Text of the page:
The windows of your home are a portal to the outdoors, a way to let light in as you appreciate the view of your garden, yard or scenery. The last thing you would want to see is a sweaty window coated in a film of condensation.

Not only are windows plastered with condensation unsightly, they also can be a sign of a more serious air-quality issue inside your home. Luckily, there’s multiple things you can attempt to resolve the problem.

What Causes Condensation on Windows

Condensation on the inside of windows is produced by the moist warm air inside your home hitting the colder surface of the windows. It’s especially common over the winter when it’s much chillier outside than it is in your home.

Inside Moisture vs. In Between Panes

When dealing with condensation, it’s crucial to know the contrast between moisture on the inside of your windows in comparison to moisture in between the windowpanes. One is an indoor air quality issue and the other is a window issue.

  • Moisture on the inside of a window is caused from the warm moist air in your home collecting on the glass.
  • The moisture you find between windowpanes is formed when the window seal fails and moisture seeps between the two panes of glass, in which case the window should be repaired or replaced.
  • Condensation in the windows isn’t a window problem and can instead be resolved by adjusting the humidity inside your home. Many things cause humidity inside a home, like showers, cooking, taking a bath or even breathing.

Why Indoor Sweating on Windows Can Be a Problem

Although you might presume condensation on the inside of your windows is a cosmetic concern, it can be indicating your home has high humidity. If that’s the case, water might also be collecting on window frames, cold walls or other surfaces. Even a slim film of water can cause wood surfaces to mildew or rot over time, increasing the growth of mildew or mold.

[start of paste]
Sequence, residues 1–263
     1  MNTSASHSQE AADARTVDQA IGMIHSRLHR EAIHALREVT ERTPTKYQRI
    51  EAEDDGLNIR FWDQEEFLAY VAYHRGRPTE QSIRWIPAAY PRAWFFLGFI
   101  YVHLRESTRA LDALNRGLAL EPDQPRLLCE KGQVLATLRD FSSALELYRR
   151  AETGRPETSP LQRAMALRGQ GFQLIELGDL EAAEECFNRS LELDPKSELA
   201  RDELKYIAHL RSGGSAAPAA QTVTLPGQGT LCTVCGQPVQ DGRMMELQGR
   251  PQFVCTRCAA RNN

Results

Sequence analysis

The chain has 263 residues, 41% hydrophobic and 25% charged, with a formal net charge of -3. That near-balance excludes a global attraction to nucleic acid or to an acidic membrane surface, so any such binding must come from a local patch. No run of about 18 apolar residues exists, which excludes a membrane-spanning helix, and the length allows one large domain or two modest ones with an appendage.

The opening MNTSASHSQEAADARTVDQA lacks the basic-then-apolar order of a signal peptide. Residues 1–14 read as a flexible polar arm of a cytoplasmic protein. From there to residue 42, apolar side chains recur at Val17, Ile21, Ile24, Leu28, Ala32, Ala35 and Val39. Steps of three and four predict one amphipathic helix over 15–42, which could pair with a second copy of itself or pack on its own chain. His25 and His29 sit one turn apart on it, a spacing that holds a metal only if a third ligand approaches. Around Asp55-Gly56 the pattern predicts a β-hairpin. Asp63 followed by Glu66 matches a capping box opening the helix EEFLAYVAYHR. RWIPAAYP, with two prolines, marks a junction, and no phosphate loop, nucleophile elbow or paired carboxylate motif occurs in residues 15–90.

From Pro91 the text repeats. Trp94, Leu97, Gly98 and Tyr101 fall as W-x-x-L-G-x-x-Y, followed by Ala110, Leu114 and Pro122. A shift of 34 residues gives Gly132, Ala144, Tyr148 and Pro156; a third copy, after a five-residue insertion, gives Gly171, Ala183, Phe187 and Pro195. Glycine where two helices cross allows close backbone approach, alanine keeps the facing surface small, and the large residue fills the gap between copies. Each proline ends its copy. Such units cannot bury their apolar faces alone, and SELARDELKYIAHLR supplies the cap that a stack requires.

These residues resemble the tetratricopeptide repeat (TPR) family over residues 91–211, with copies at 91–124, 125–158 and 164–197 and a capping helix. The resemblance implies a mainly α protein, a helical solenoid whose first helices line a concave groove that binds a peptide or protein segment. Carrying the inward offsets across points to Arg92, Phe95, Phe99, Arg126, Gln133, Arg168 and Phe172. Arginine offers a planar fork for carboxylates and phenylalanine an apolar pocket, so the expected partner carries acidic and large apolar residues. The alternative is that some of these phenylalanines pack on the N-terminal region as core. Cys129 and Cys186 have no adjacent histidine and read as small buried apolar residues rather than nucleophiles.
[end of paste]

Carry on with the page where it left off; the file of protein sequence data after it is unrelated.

How to Decrease Humidity Inside Your Home

The good news is there are several options for eliminating moisture from the air inside your home.

If you have a humidifier operating in your home – whether it be a small-scale unit or a whole-house humidifier – lower it further so the humidity inside your home goes down.

If you don’t have a humidifier running and your home’s humidity level is higher than you prefer, think about getting a dehumidifier. While humidifiers adds moisture inside your home so the air doesn’t get too dry, a dehumidifier pulls excess moisture out of the air.

Compact, portable dehumidifiers can absorb the water from one room. However, portable units require clearing water trays and generally service a somewhat limited area. A whole-house dehumidifier will extract moisture across your entire home.

Whole-house dehumidifier systems are managed by a humidistat, which permits you to set a humidity level precisely like you would select a temperature with your thermostat. The unit will start immediately when the humidity level exceeds the set level. These systems coordinate with your home’s HVAC system, so you should contact qualified professionals for whole-house dehumidifier installation Jefferson.

Other Ways to Eliminate Condensation on Windows

  • Exhaust fans. Installing exhaust fans near humidity hotspots like the bathroom, laundry room or above the kitchen range can help by extracting the warm, moist air from these rooms out of your home before it can elevate the humidity level inside your home.
  • Ceiling fans. Running ceiling fans can also keep air swirling inside the home so humid air doesn’t get caught up in one spot.
  • Opening up window treatments. Opening the blinds or drapes can lower condensation by stopping the humid air from being caught against the windowpane.

By decreasing humidity inside your home and circulating air throughout your home, you can take advantage of clear, moisture-free windows even during the winter.